Day 7 - -All by Ourselves
Dick and Irene Craig
Sun 29 Nov 2009 22:21
served with fresh limes and our own version of fried green tomatoes and
aubergines, a la "Fried green tomatoes at the whistle stop café", for any
film buffs out there. Have to say that it was very yummy, despite having to
overcome the hurdle of actually seeing it caught and killed.
We have been adding pears and kiwis to the daily, lunchtime, fruit salad.
They haven't kept as well as the bananas, which came as something of a
surprise. This is probably due to the storage conditions. It's all a big
It was odd not being able to see the lights of another boat last night, nor
being able to see another boat on the radar. We had been sailing so close to
Robinson for a couple of days, it felt strange that they were no longer
Have to say "Well done Robinson!" They also caught a dorado yesterday and
various recipes were discussed with them, over the VHF, during the course
of the afternoon.
We do appreciate that one shouldn't use the VHF for frivolous reasons but
out here, in the middle of an ocean, there are not many boats within the
range of a VHF and we were not using channel 16, other than as a listening
We spoke to Bob on 3 Drifters yesterday afternoon when he called us. This
was the first time we had spoken to him since leaving Las Palmas. It is his
birthday today and although we tried several times to call him on the VHF,
during the morning and at lunchtime, we had no luck. Bob will be joining us
in St. Lucia, in January, to participate in the world ARC (WARC).
Thank you to the couple who sent an e-postcard to us, listing the collective
names of myriad animals. We don't anticipate being able to spot many of
these creatures before landfall but will be certain to look avidly once we
set foot on terra firma.
We did spot another sailing yacht only four miles to port during the morning
and it was still with us, though falling back a little, by mid afternoon. We
were unable to identify it.
There was quite a lot of black cloud last night but other than a mini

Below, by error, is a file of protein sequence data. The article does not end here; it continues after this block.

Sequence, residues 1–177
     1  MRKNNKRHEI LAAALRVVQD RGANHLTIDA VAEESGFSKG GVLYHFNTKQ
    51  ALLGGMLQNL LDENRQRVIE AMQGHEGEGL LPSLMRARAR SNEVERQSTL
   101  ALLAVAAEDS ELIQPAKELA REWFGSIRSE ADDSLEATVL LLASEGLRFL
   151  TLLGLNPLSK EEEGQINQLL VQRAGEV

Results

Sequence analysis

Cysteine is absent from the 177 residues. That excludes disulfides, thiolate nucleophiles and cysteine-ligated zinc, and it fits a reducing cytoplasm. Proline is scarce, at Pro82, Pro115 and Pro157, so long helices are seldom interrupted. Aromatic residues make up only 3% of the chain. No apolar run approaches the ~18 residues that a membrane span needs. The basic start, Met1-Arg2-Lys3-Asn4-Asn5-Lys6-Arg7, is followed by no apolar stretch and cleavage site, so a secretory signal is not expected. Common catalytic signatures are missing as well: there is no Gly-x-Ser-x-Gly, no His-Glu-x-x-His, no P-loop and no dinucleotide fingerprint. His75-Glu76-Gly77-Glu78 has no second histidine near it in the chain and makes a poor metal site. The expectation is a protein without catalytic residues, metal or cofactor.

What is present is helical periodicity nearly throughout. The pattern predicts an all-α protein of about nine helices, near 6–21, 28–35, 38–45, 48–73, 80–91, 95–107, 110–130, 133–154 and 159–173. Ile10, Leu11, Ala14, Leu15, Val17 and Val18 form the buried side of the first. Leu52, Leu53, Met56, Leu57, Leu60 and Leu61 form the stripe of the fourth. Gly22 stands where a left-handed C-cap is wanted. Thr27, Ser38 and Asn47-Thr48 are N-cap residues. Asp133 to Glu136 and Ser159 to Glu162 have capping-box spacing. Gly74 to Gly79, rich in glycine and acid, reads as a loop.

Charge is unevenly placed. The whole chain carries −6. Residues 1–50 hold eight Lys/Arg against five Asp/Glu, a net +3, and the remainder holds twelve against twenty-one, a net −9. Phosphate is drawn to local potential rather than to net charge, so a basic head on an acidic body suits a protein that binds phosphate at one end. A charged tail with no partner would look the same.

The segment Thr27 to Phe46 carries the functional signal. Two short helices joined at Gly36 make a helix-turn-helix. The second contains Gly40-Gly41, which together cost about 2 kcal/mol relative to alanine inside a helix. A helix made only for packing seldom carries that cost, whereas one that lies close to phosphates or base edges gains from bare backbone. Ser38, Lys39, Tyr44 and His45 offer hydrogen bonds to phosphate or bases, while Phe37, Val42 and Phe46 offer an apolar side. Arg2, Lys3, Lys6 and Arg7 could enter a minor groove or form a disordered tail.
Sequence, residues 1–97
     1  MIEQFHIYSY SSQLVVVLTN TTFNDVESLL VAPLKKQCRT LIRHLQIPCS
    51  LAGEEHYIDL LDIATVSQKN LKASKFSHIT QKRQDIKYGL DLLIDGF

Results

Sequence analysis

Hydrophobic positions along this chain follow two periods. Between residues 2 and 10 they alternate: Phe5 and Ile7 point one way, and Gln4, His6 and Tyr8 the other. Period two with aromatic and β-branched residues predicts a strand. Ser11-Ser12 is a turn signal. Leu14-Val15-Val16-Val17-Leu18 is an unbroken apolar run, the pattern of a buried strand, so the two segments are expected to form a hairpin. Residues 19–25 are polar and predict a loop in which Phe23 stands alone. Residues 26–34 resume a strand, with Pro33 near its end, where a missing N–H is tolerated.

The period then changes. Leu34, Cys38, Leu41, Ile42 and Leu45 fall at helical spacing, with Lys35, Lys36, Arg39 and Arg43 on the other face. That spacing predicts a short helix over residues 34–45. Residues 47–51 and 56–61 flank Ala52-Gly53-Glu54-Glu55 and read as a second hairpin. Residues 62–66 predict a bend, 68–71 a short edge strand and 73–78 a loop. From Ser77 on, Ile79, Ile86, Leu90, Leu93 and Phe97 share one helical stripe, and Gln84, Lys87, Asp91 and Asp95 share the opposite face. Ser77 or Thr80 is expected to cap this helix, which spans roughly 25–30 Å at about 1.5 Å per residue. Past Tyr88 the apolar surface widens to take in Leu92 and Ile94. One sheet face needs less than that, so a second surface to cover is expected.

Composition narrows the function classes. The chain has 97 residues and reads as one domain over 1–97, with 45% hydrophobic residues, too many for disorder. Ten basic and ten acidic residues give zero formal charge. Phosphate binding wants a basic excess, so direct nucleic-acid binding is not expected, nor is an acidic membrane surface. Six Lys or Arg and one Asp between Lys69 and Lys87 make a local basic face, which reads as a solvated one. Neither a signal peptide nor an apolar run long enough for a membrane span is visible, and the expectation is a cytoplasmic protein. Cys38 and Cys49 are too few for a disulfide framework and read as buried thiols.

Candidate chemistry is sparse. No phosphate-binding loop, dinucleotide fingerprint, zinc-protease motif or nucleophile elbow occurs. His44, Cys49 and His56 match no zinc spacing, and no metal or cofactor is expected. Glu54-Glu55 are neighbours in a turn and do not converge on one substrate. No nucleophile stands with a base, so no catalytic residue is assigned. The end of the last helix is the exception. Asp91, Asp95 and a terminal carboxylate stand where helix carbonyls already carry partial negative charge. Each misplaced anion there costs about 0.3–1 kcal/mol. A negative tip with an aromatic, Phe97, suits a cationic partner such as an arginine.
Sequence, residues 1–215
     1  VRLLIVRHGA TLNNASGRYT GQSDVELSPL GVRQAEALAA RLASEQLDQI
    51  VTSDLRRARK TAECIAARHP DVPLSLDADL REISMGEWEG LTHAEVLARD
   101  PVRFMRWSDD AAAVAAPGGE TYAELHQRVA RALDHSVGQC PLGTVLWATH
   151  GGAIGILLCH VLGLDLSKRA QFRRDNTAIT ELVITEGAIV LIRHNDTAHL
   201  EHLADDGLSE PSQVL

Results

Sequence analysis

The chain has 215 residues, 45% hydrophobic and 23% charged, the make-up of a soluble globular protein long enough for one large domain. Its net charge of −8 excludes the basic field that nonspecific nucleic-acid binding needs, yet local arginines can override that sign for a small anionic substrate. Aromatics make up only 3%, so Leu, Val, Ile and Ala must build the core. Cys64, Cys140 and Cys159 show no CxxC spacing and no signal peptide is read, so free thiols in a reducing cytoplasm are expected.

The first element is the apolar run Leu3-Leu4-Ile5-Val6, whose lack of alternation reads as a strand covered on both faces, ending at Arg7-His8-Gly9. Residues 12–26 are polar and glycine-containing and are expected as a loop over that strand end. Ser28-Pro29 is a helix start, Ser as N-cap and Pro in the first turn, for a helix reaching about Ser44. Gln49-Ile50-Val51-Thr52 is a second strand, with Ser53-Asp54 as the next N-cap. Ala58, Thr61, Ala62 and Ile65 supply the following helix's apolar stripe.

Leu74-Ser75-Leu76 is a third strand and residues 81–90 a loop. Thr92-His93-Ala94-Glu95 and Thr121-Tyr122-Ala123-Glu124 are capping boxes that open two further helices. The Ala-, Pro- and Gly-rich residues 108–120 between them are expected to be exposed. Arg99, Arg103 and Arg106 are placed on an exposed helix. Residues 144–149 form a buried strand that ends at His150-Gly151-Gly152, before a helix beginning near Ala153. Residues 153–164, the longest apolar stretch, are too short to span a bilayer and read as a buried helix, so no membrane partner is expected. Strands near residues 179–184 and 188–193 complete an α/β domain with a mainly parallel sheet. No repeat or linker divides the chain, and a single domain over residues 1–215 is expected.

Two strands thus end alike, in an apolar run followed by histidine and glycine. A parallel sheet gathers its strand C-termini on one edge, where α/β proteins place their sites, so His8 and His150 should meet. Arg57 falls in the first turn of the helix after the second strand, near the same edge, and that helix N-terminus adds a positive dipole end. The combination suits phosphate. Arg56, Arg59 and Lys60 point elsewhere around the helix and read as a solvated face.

squall, reported by Austin during his 9pm to midnight watch, the wind was
not excessive and those gusts reading 24knots were not too frequent.
It is a strange thing but after being on a boat for several days, one gets
into a routine and feels as if they would be happy to just keep going,
Today and for the next three days, I will try to give a synopsis of a
typical day on board this boat for each of the folk aboard
Today we will begin with what the cook is doing on an average day at sea.
In the morning, depending on what night shift cook was on, a quick shower is
in order. Five out of seven days, washing is collected and fed into the
washing machine, then hung out to dry on a make-shift washing line, strung
up in the cockpit, for the duration of the drying period for that day. The
dry laundry is folded and returned to the owner or if bed linen or towels,
returned to the linen cupboards.
Next, it is time to turn over the eggs, spray the basil plants and give them
a little water.
Snacks are monitored and replenished, by type, as required. If necessary,
more snacks are freshly cooked.
Time now for the bread-maker to be switched on to make the bread or, if it
is a pizza day or a day when dough is needed , then dough only is made, to
be used in one of the lunch time recipes.
Every other day the fruit and vegetables are checked. Each basket is lifted
from its locker in the cockpit and the contents checked individually, turned
and replaced. Any that are deteriorating are retrieved and discarded if no
longer usable, otherwise they are washed and brought into the menu for the
day or even moved to the fridge for use another day.
Lunch is prepared. Most days this is a salad while the fruit and vegetables
remain edible. Pizza is on the menu for lunch once a week, as is some
variation of a dish similar in theory, to Turkish spinach pie. Although it
may sometimes not contain any spinach, it will be vegetable based, always
with chopped tomatoes and cheese.
Fresh fruit salad is provided daily, to follow the main course.
During the day when there is a spare moment, or during the watch period, the
daily blog is written and keyed into the laptop during the afternoon.
Three out of four days, cook only has to do one of the 1.5hour daytime watch
periods. On the fourth day there are two daytime watch periods. The rest of
the crew have two watch periods every day and three every third day.
Just before supper is prepared, the basil plants are checked again and if
required, given a little water.
Then, after supper, snacks are taken out of the cupboard and made available
in the galley, for night watches.
Unless it is a 9pm to midnight watch, it's now time for bed. The alarm is
set to go off twenty minutes before the next watch is due, when it is time
to prepare to take over the night-watch.
We have a three day washing up rota so one day in three that has to be done
although, regardless of whose turn it is, someone else will do the washing
up if the person who should do it, is on watch or busy with another